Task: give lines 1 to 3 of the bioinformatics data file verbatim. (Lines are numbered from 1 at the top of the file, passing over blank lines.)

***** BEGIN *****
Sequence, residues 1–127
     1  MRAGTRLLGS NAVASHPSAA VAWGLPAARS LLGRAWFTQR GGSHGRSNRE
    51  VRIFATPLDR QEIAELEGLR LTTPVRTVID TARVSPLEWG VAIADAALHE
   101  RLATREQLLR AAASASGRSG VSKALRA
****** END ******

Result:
Sequence, residues 1–127
     1  MRAGTRLLGS NAVASHPSAA VAWGLPAARS LLGRAWFTQR GGSHGRSNRE
    51  VRIFATPLDR QEIAELEGLR LTTPVRTVID TARVSPLEWG VAIADAALHE